Collective Bargaining 101

What is collective bargaining?

Collective bargaining is a process that enables employers (represented by their employers’ organisations) and employees (represented by their trade unions) to reach an agreement about salaries or wages and working conditions. The platform where these negotiations take place are called “bargaining councils” and for every industry, there is a different bargaining council, and because certain bargaining councils only have jurisdiction in specific geographical areas, there may be more than one bargaining
council per industry.


These bargaining councils, as bodies, as well as the two main parties that are involved in the negotiation process, namely the trade unions and employers’ organisations, must be formally registered with the Department of Employment and Labour (DEL), and operate within the relevant legal parameters.

When does a collective agreement become legally binding?

As soon as a collective agreement is signed by all parties involved, it is sent to Minister of Labour, who must then extend the collective agreement by publishing a notice in the Government Gazette, within 60 days of receiving the request. This must be accompanied
by a declaration that specifies for which period the collective will be legally binding.

Typically, collective agreements are in place for a period of three to four years, and upon expiry of this period, the terms are renegotiated. Whilst waiting for a new collective agreement to be gazetted, the terms of the current one remains in place.

Who are bound by a collective agreement?

The moment a collective agreement in any industry becomes legally bound, it applies to all employers in that industry, or within the relevant geographical area, regardless of whether they participated in the collective bargaining process or not, or whether they were a “non-party” to the bargaining council or not.


By law, the onus is furthermore on the employer to determine which industry the business falls in, and which collective agreement informs their terms and conditions for employment, which is why all employers or their dedicated labour relation(s) practitioners should always be well-informed on the terms of the latest collective agreement that pertains to their industry

The role of each party in collective bargaining.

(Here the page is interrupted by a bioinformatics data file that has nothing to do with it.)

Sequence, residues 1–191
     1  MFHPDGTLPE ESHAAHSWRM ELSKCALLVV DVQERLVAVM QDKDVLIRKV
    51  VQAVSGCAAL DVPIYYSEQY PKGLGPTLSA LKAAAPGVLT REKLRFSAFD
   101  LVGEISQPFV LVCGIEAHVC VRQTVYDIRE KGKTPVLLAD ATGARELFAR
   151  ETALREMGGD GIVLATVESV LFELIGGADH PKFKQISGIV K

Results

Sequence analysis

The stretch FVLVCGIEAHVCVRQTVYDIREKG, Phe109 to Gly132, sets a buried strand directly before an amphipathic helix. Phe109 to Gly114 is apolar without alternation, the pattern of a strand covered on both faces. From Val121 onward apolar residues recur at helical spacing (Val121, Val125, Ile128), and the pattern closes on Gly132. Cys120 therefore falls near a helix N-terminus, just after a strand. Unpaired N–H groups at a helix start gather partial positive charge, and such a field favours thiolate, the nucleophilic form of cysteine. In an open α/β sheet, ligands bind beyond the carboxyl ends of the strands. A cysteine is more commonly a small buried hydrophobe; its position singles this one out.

The purpose of the bargaining council is basically to facilitate labour-related negotiations between employers’ organisations and unions, solve labour disputes, establish various employee incentive schemes and comment on labour-related policies and laws. The purpose of the employers’ organisation is to represent or advance the interest of employers or groups of employers in matters pertaining to employment. Similarly, the purpose of the trade union is to represent or advance the interest of employees or groups of employees in these matters.

As soon as all parties have come to an agreement about the salaries or wages and working conditions, the details of the agreement are stipulated in a contract, which for the purposes
of collective bargaining, is referred to as a “collective agreement”.

How to get a seat at the labour decision-making table.

Simply put, if you are an employee, and you want a seat at this decision-making table, you need to join a legally registered trade union, who needs to apply to get a seat at your industry’s bargaining council, on your behalf. Similarly, employers who wish to have their voices heard, must join a legally registered employers’ organisation. After all, you cannot sit on the side line and criticise the rules of the labour game, if you are not in the labour game.

For more than 22 years, the (SA)UEO has been trusted to represent employers in South African industries across the board and promote their interest in a manner that is as fair as possible to all parties involved.


For more info, visit